Our God is kind in every way,
He holds the evil tide at bay,
With love he showers his faithful saints,
In Christ no follower falls or faints.
He bears us on the Spirit’s wing,
That we might daily praise and sing;
In us he lives, we shall not tire,
The word within burns like a fire.
Our God is good, and goodness proves,
In every trial and pain he moves;
In heaven’s path the Cross we bear,
His suffering and joy we gladly share.
STIRRING SENTIMENTS OF SACRED SONGS AND HYMNS
For almost seventy years my life has been shaped by what has transpired in the Bible classes and worship assemblies of local churches committed to preaching, practicing, worshiping, and living according to the pattern set forth in the New Testament. No small part of this have been the truths and sentiments to be found in “the psalms, hymns, and spiritual songs” lifted in praise to the Father in the teaching and admonishing of one another (Colossians 3:16). Among the many such sentiments, consider the following. Continue reading
Seems that hymnology has gotten complicated. Many songs are hard for new people to pick up on. Continue reading
There is beyond the azure blue,
Deut. 4:39 Know therefore this day, and consider it in thine heart, that the LORD he is God in heaven above, and upon the earth beneath: there is none else.
A God concealed from human sight.
John 1:18 No man hath seen God at any time; the only begotten Son, which is in the bosom of the Father, he hath declared him. Continue reading
HUGH’S NEWS & VIEWS
HOLD TO GOD’S UNCHANGING HAND
In most of my gospel meetings this year I have emphasized the theme “Hold to God’s Unchanging Hand.” This is the title of a song that I have sung all my life in church. I love this moving old spiritual song with its strong cadence (especially the chorus), and as I have grown older it has become more meaningful to me. (It might be remembered that the melody of this song was played in a stirring scene of the 2010 version of the movie “True Grit,” starring Jeff Bridges, Matt Damon, and Hailee Seinfeld.)
We live in an unsettled and therefore an unsettling world, a shakable and therefore a shaking world, a changeable and therefore a changing world. In the midst of such a world we long for stability and security. Where is this security and stability to be found? In God and God alone! Continue reading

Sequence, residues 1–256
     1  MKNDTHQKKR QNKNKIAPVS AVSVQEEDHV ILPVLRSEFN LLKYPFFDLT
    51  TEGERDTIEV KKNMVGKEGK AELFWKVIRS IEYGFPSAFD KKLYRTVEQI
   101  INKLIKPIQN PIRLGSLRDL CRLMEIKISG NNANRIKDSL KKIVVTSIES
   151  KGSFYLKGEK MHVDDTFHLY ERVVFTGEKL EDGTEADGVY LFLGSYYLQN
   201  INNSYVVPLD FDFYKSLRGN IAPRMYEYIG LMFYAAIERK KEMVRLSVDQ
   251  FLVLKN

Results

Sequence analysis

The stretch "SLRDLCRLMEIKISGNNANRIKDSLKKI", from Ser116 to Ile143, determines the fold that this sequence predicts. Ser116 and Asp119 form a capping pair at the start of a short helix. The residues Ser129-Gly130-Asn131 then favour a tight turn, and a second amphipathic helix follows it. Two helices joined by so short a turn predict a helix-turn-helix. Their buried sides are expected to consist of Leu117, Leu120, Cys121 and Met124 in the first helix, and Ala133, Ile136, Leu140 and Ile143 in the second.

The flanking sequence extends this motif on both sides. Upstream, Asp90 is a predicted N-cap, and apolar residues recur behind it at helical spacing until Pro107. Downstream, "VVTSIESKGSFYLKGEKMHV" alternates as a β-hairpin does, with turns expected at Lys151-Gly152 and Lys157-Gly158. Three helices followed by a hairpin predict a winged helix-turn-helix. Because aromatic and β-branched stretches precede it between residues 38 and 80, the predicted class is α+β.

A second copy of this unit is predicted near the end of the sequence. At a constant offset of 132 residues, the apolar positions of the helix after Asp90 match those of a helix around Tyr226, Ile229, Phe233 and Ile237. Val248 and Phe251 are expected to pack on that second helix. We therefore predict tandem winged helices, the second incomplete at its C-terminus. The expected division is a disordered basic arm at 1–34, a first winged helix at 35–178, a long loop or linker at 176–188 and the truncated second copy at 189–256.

I don’t know the people who did this, but you might enjoy this arrangement. It uses the NKJV as a basis for the words, following exactly except for maybe one word.
This has a bit of humming in the beginning, if that bothers you, but otherwise a very nice arrangement, sung by one fellow.
An American patriotic hymn’s final verse is a prayer:
“Our father’s God, to Thee,
Author of liberty,
To Thee we sing;
Long may our land be bright
With freedom’s holy light;
Protect us by Thy might,
Great God, our King.”
When we sing this prayer, written in 1832 by Samuel Smith, we remember passages that talk about Christ’s concern for freedom. When Jesus preached in his hometown synagogue in Nazareth, he read a passage from Isaiah 61:1-2:
“The Spirit of the Lord is on me, because he has anointed me to preach good news to the poor. He has sent me to proclaim freedom for the prisoners and recovery of sight for the blind, to release the oppressed, to proclaim the year of the Lord’s favor” (Luke 4:18,19). He chastised religious leaders who attempted to go beyond the word of God in binding additional requirements on God’s people. He modeled how freedom works best when exercised with discipline and respect for others. Jesus could converse with people whom others disdained because of their lifestyle because he could see their potential for being God’s people. He could forgive people who tried to hurt him and even people who had committed adultery, but express anguish over others who tried to deny help to suffering individuals because of religious laws. Jesus understood, as they did not, that submission means giving up my desires and wants to serve another, not making another into a clone of myself. Freedom does not mean doing whatever one wants. The same biblical chapter that begins, “It is for freedom that Christ has set us free,” also warns that those who engage in the acts of the flesh will not inherit the kingdom of God, and concludes, “Let us not become conceited, provoking and envying one another” (Galatians 5:1, 19-21, 26). Freedom is messy. Sometimes I am bothered by something I observe in a congregation, but when I search the Scriptures, pray, and perhaps check out the history there, I realize they are merely exercising their freedom in Christ. That sometimes is hard for me to admit, because I thought initially that they were wrong and needed to be corrected. On the other hand, some times what people do or tolerate is wrong and should be corrected (Note Paul’s letters to the Corinthians, whom the apostle corrected on several issues. Christ’s letters to the seven churches in Asia (Revelation 2 and 3) also emphasize that there are limits to individual and congregational freedom in Christ. What helps me is to imitate what Barnabas did at Antioch and look for the grace of God at work (Acts 11). Freedom, whether in our nation or in the church, may make us uncomfortable, but so long as it is in harmony with the word of God, we rejoice because we too are free in Christ.